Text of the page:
“Ready or Not” is here to thrill

“Ready or Not” weaves intense scares, hysterical punch-lines and pertinent themes into a comedy-thriller joyride that is well worth the 90 minute investment, if you can overlook the film’s blatant predictability.

It follows a slew of thriller films within recent years – from “Truth or Dare” to “Game Night” – that have centered around the concept of a game gone extreme. Rather than attempting to subvert what is known as the “hide-and-seek” horror sub-genre, “Ready or Not” embraces its extravagance and absurdity, literally with a game of hide and seek. 

The movie opens with the nuptials of Grace (a spectacular Samara Weaving) and Alex (Mark O’Brien), of the venomously wealthy Le Domas family, who made their fortune in manufacturing video games. On their wedding night, Alex informs her of a seemingly innocent family tradition: Grace must draw a random card to select a game to play with everyone.

Predictably, Grace draws the worst of the bunch, and as she obliviously runs off to hide, the seekers arm themselves with ornate weapons, determined to kill her before dawn.

The Le Domas clan, looking like fugitives from the Addams Family, are a mixed bag.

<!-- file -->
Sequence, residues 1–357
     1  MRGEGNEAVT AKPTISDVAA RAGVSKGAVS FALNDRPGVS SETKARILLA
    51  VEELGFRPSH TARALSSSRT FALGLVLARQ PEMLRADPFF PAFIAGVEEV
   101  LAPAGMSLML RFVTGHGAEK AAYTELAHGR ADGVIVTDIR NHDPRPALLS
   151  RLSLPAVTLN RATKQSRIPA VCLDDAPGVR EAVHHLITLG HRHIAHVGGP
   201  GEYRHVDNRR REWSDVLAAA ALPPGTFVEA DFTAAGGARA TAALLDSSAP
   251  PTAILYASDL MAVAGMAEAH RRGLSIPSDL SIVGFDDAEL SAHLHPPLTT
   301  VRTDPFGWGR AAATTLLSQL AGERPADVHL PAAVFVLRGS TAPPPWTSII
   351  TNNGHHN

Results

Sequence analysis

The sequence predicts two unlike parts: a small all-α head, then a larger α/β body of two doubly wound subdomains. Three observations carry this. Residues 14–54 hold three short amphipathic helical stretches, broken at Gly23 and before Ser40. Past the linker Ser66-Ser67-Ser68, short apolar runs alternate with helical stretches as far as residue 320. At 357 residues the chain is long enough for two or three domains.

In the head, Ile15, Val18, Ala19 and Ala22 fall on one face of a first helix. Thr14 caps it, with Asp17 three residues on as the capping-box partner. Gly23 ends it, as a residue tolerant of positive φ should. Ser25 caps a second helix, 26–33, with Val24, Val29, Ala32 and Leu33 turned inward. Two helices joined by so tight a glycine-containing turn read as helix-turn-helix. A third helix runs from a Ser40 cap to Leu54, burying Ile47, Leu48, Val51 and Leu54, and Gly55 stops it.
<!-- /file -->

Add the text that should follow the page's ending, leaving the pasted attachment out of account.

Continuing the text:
Matriarch Becky Le Domas (veteran Andie McDowell) is sincere, nuanced, and slightly terrifying. Comedic relief was often provided by the overzealous Emilie (Melanie Scrofano) and Fitch (Kristian Bruun), who hilariously spent the majority of the movie researching how to use his crossbow on the toilet. 

Daniel Le Domas (Adam Brody) provided the only element of unpredictability throughout the movie, and it was thrilling to see whether he would succumb to self-interest or overcome it. However, most of the other members of the family, especially leader Tony Le Domas (a usually brilliant Henry Czerny), were underdeveloped and underutilized, unconvincingly portraying the realities of being an American elite.

But perhaps directors Matt Bettinelli-Olpin and Tyler Gillett were heavy-handed in their portrayal of the opulence of the Le Domases to further emphasize on the deal-with-the-devil motif that runs throughout the movie. It is a clear commentary on the soullessness of the wealthy and exploiting the unsuspecting, but, for better or worse, the message doesn’t seem to go beyond that depth.

Despite clear foreshadowing leading up to its twist, I was still gutted when the final sequences played out. 

That’s what makes “Ready or Not” so great; at its core, the film is about providing pure, edge-of-your-seat entertainment. It never tries to outsmart you — instead, it smartly juggles gripping tension with perfectly timed punch lines, a near-impossible feat for modern movies.